John Wesley preached on thedangers of riches, and greed ruled his day like it does our: “How many thousands do we find at this day, in whom the ruling principle is, the desire to enlarge the pleasure of tasting! Perhaps they do not gratify this desire in a gross manner, so as to incur the imputation of intemperance; much less so as to violate health or impair their understanding by gluttony or drunkenness. But they live in a genteel, regular sensuality; in an elegant epicurism, which does not hurt the body, but only destroys the soul, keeping it at a distance from all true religion.” Of course when you believe in either a hedonistic god like John Piper who only works for His own good please, well, I guess it’s okay to affirm a capitalism where each works for his own good.

Philosophically, John Wesley was a contemporary, and a vocal opponent of the pagan philosopher economist Adam Smith. United Methodist theologian Joerg Rieger notes in his book, NO Rising Tide that it was faithful Christians like John Wesley who first confronted Smith and his unbiblical theories, not any “godless Marxists.” Justice must include covenant, and the New Covenant, just as the First Covenant, gives first priority to the widows, the orphans, the elderly,the exiled, and the unborn over those concerned with the here and now, the middle-class, and those who see themselves in “stable-homes.” This goes against the logic of “satan likes to see a poor preacher’; that’s just bad anti-gospel theology, and misses the whole point about Scripture’s message (and John Wesley’s view) about stewardship.

Are modern-day Protestant clergy here in Amerika superior to the apostles and disciples, that we don’t have to go through persecution, or fellowship with the disabled, or suffer through poverty, chosen or unchosen? I guess according to UTS and Copeland, they are. Maybe Protestants need to start learning from Catholics and start taking Vows of Poverty.

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Thomas Jay Oord's The Nature of Love: A Theology

Disclaimer: This is a review of Thomas Jay Oord’s The Nature of Love: A Theology. Full disclosure– I personally know and have met Professor Oord on a couple of occassions at the annual Wesleyan Theological Society. Also, as a part of a mutual agreement via Facebook whereby I received this work at no cost, I am reviewing this book as a Christian Open/Relational Theist. Hence, my review reflects my theological preference as such.

Part 1: Oord Addresses A Major Blindspot in Theoloogy:

Love is viewed as an afterthought for systematic theologians, Oord argues (page 1). Usually when professional theologians discuss love, its about issues relating to marriage and sexuality. Oord believes that love is THE central message of the Bible and his goal is to portray God as lovingly relational (i.e., not impersonal) against thinkers like Paul Tillich, as well as the necessity of love (contra Karl Barth) (pages 6-7). Oord defines love as “To act intentionally in sympathetic/empathetic response to God and others to promote overall well being” (17). I especially appreciated the potential of “promoting overall well being” as well as Oord explanation of that portion as linking love to justice. “Justice and love are not enemies” (20). Part of being loving is working for the common good–a notion that could potentially be compatible with liberation theologies, especially ones that begin with reflectons on love (see Gustavo Gutierrez’ A Theology of Liberation). The empathy/sympathy portion of the definition means that in a loving relationship, the relational bond partly determines the existence of each party (22). Oord finishes his introductory chapter arguing that God calls all complex creatures to love according to the light given to them, and that God’s love is solely not self-sacrifice, ala feminist theology (26-28).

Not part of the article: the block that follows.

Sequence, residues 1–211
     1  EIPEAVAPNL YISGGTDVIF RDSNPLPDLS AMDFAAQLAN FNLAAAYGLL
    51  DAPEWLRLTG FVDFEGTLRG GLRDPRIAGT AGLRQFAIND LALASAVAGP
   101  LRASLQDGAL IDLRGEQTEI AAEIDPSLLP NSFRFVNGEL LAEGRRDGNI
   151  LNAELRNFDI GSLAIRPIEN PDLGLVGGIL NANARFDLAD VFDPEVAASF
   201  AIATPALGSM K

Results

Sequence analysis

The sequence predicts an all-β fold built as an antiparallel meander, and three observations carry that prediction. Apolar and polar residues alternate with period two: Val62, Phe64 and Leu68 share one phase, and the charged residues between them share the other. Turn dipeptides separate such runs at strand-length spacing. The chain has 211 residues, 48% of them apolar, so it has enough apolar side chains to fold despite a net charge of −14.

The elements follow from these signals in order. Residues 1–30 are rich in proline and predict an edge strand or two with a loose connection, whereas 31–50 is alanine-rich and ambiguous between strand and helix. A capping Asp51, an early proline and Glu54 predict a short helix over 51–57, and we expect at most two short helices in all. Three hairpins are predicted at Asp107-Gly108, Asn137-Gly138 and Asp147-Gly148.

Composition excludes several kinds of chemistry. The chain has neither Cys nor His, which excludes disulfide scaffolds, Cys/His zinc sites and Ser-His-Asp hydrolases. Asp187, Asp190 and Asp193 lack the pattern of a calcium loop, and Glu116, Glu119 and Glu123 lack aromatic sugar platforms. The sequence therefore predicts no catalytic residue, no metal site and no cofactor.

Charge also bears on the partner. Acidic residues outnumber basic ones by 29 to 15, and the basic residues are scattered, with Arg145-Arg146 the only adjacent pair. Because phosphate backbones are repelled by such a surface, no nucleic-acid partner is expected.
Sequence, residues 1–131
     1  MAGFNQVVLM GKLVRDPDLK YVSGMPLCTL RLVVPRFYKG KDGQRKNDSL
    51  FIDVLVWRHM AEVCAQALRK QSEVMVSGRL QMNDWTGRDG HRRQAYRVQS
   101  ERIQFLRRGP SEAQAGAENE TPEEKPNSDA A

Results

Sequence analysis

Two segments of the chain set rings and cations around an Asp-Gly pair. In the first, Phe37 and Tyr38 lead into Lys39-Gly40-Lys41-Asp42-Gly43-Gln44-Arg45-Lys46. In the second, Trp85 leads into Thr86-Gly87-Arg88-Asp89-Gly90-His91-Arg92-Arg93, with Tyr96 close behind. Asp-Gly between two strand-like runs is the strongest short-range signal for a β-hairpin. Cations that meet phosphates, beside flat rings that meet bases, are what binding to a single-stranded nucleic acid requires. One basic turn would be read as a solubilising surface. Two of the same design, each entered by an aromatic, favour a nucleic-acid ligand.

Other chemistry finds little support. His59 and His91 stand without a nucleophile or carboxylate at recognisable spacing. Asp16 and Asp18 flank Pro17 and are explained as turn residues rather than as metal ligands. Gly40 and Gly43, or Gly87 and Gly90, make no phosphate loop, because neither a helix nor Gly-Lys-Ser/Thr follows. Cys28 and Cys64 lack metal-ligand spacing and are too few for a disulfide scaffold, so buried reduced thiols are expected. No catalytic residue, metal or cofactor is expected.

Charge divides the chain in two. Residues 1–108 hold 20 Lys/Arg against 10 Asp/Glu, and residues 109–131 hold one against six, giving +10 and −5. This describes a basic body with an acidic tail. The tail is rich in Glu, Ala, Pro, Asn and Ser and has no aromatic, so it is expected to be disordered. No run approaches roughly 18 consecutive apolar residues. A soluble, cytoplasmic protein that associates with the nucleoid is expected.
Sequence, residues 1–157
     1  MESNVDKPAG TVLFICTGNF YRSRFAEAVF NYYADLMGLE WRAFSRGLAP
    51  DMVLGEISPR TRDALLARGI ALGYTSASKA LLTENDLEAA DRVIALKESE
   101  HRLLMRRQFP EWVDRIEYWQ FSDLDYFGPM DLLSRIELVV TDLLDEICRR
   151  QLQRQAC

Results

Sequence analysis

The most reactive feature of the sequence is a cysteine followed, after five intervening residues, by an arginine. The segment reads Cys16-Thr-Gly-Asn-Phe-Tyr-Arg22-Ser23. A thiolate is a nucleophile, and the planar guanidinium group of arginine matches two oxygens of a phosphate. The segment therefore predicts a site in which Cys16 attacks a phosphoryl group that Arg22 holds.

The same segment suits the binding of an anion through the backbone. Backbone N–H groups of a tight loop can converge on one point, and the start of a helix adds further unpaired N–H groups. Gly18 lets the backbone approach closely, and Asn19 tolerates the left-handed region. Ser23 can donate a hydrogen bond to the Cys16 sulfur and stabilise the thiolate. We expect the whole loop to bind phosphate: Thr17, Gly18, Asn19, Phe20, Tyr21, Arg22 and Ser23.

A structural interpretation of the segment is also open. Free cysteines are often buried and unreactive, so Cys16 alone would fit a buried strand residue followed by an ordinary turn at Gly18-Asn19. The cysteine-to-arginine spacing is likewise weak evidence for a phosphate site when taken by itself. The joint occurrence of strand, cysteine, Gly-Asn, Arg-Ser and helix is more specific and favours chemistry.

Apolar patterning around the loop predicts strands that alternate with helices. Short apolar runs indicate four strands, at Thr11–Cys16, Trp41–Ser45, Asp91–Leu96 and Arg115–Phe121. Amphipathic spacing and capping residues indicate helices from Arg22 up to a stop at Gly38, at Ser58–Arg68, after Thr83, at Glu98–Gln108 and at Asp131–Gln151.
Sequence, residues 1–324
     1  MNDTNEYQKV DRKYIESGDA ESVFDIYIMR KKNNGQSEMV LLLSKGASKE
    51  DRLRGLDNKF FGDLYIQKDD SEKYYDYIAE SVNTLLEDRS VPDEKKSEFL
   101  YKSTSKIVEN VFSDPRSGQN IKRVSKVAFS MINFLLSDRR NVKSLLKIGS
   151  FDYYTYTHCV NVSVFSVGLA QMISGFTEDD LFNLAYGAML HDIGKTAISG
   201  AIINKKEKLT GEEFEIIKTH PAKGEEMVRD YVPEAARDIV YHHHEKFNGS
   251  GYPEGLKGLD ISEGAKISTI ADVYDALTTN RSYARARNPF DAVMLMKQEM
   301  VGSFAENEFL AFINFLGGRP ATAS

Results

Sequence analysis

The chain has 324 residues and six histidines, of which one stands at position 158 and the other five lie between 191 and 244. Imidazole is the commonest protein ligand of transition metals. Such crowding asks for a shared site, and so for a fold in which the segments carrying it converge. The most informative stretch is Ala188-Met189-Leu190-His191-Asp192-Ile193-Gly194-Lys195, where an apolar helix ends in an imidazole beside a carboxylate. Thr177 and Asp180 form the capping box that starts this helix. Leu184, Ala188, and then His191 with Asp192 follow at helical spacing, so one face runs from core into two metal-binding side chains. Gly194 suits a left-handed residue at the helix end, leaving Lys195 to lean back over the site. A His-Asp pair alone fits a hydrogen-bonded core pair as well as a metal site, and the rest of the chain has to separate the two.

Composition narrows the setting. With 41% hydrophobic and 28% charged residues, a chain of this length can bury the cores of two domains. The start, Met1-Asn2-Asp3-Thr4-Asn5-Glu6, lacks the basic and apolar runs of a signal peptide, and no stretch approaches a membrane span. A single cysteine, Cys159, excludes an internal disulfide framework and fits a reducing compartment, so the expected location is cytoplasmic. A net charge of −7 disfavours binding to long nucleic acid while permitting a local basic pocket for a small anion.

Part 2: Oord Problematizes Past Theologies of Love

Oord goes on to criticize Anders Nygren’s theology of love, for stressing agape love, one that makes human beings passive recipients of God’s love in Christ. Nygren avoids the Hebrew Bible in his arguments, and prefers the language of master and slave. Oord finds Saint Augustines view of love as primarily acquisitive desire, enjoyment for short. Oord says, “God is not entirely egoistic” (81). Lastly, Clark Pinnock, while Oord uses the Open Theology framework that Pinnock and others proposed a few decades ago, Oord says that any idea that we have to believe in Creation Ex Nihilo, that God created everything starting from nothing. Not only is this an unbiblical idea according to Oord, it is advancing a god who coerces contrary to the nature of love.